Corps Story: Civic Works and Food Access
Civic Works is providing solutions to inequal food access within Healthy Food Priority Areas in Baltimore, MD. They are working against food inequity by creating a more sustainable, economically viable, environmentally responsible agriculture sector. Civic Works both grows their own produce at Real Food Farm as well as partners with local farms to source and provide fresh produce to seniors and others in the community. They currently average about 5,000 deliveries a year and have distributed 53,000 pounds of produce since October 2020.
At any time, there are a few Civic Works AmeriCorps members serving alongside rotating volunteers to make weekly food deliveries through two programs. The Affordable Produce Delivery Program brings food to seniors in the community ages 55+. Each box contains $15-20 worth of produce, but customers only pay $5. If they don’t have available funds, they get their box for free. The small fee assists in fighting the stigma of receiving a free handout. This program’s capacity reaches 120 people on a weekly basis. A second initiative, the Corps’ Community Supported Agriculture program, or CSA, sells full-price produce and feeds 75-100 people weekly.
A week as a Civic Works Corpsmember or volunteer includes taking down customer information and orders through calls and voicemails on Mondays, packing food boxes on Wednesdays, and making deliveries on Fridays. To ensure they have the amount of food needed each week, additional food is ordered from local farms within a 100-mile radius.
At certain times of the year, Civic Works targets fulfilling other local food access and agriculture projects. These efforts include bringing produce to farmer’s markets; helping create more urban farms; restoring soil conditions; composting, and compost outreach; and assisting in transforming vacant and abandoned lots into community gardens and green space. Civic Works has grown 200,000 pounds of fresh produce and planted 25,000 trees. The Corps’ goal is to be a launching point for other farms and to be a place where other farms can come for help with logistics.
AmeriCorps member Harper Czumak-Daugherty began working with the program as a volunteer delivery driver and soon became more involved. They say food isn’t the only thing the seniors are hungry for.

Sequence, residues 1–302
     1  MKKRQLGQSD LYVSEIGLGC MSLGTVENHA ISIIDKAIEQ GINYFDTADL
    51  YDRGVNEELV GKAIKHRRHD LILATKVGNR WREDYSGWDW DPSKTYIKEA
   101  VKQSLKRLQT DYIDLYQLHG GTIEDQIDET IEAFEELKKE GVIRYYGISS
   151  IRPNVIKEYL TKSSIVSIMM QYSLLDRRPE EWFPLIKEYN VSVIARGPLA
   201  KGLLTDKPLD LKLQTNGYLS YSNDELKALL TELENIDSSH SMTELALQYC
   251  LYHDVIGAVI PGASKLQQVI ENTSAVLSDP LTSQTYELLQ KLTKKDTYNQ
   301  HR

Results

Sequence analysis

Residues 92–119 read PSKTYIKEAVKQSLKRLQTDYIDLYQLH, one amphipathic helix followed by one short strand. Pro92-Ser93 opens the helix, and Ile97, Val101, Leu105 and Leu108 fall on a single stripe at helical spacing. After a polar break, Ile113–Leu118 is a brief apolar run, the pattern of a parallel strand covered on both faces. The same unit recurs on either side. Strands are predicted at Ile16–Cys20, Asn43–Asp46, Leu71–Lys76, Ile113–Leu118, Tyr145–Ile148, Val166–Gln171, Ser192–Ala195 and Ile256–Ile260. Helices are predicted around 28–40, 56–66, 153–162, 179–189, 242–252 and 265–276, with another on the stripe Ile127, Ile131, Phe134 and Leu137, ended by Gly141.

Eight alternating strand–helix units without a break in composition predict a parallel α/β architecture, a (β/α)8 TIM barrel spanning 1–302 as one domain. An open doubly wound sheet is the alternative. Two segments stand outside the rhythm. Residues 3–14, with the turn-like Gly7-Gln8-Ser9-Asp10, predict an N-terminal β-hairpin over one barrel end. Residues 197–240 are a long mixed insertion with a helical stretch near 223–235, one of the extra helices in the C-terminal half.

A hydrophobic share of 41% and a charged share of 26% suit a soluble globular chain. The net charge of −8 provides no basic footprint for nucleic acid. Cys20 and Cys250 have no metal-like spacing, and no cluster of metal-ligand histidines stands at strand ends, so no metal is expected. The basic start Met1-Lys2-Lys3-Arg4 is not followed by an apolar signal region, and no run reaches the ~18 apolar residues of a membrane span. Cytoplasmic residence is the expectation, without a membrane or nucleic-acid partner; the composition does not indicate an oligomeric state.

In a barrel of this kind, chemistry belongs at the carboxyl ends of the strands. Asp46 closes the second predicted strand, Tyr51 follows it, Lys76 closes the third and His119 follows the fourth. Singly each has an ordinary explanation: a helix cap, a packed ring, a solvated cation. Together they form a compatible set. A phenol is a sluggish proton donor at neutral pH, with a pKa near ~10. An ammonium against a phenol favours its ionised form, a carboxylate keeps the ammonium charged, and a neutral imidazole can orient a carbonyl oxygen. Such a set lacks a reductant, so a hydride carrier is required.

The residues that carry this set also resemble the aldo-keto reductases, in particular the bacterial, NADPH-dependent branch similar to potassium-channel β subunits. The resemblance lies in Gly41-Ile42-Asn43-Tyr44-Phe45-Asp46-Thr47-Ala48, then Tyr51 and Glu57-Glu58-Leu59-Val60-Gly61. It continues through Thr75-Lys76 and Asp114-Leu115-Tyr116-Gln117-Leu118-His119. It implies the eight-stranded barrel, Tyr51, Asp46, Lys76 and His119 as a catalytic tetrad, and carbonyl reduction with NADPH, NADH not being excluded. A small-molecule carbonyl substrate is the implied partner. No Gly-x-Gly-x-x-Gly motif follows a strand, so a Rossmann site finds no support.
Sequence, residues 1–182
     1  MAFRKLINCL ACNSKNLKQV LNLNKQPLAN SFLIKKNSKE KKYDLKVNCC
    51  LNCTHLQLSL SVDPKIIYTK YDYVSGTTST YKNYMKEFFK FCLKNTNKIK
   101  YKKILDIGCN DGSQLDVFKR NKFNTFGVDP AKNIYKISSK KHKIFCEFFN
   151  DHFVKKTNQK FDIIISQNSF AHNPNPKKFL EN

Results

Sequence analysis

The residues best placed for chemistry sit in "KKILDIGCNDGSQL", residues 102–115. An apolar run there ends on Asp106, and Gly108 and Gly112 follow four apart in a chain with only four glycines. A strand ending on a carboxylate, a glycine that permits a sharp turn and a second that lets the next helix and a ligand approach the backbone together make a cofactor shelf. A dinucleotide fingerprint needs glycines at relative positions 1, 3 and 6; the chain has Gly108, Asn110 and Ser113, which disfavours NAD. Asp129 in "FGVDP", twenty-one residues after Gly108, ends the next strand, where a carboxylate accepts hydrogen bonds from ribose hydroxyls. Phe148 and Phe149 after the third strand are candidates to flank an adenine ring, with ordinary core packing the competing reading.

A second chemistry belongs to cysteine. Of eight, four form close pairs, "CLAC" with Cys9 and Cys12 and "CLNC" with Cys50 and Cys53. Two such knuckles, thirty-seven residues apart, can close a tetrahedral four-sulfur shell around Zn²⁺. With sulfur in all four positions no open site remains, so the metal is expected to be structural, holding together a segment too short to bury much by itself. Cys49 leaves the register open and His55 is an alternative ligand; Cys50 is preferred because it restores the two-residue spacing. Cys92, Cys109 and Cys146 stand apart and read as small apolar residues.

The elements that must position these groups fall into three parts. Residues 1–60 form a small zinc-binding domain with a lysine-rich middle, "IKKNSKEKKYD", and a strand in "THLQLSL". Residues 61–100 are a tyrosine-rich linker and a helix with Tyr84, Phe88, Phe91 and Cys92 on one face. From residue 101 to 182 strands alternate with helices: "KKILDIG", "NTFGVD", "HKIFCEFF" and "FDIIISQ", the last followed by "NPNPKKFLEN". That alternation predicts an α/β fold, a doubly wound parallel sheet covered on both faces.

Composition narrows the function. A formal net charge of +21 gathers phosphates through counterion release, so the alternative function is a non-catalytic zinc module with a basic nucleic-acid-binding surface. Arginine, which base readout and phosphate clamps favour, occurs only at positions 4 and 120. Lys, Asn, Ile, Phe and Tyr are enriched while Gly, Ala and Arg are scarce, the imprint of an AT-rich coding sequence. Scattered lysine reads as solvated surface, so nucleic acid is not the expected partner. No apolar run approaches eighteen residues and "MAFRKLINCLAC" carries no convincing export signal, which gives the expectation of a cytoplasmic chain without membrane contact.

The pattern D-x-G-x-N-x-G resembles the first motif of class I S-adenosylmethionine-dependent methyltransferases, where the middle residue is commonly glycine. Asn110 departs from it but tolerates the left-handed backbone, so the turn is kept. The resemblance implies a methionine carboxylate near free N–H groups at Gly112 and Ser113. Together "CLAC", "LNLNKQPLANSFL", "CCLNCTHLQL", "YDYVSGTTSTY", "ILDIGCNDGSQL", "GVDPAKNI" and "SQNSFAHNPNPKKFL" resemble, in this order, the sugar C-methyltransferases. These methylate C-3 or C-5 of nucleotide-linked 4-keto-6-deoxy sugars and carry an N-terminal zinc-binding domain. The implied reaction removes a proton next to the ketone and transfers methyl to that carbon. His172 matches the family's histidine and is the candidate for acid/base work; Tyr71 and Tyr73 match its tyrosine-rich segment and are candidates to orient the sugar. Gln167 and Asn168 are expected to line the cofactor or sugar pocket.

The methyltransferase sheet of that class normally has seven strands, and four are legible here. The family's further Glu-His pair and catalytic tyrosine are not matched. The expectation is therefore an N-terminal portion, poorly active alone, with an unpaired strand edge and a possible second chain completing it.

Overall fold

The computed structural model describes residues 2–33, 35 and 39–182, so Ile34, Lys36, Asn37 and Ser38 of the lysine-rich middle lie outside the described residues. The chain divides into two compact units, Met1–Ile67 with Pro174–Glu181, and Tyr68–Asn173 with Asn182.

“Every time I interact with people that we deliver to, whether it’s in that verifying information stage or I’m actually at their door with the food, people are so appreciative. There is such a need for this. Especially the seniors, during the pandemic: a lot of them can’t get out to grocery stores,” said Czumak-Daugherty. “A lot of times they’re not getting a ton of other contact and they’re so hungry for that interaction, they’re so grateful. It’s also that these are our neighbors, so it’s satisfying to be able to be there for them.”
Besides helping the community by bringing healthy food to the area, the Corpsmembers themselves are benefitting from workforce development. Corpsmembers are offered support and guidance through creating a five-year plan with Corps staff and leaders. They also receive an AmeriCorps education award at the end of their term. There are many learning opportunities presented like networking, resume reviews, practice interviews, and a work environment in a historical building that is being preserved and is also open to the community. Program alum have gone on to work on other farms, started small businesses, painted community murals, and more. Czumak-Daugherty intends to use their education award towards grad school.
Logistics are often the most challenging part of the program. Civic Work hopes to grow in space and resources to be able to reach more people in the community. The program hopes to expand from 5,000 deliveries a year to 20,000 deliveries with more funding. For this reason, the Corps is applying for American Rescue Plan Act (ARPA) funds for 2022-2024.
Czumak-Daugherty reflects on their time working in the program:
“I’ve been really grateful for my time here. There’s been so many learning opportunities, so much personal growth. This is also the first job I’ve been able to use my they/them pronouns. It’s a really amazing team, a really amazing program, and I’m really honored I get to be a part of it.”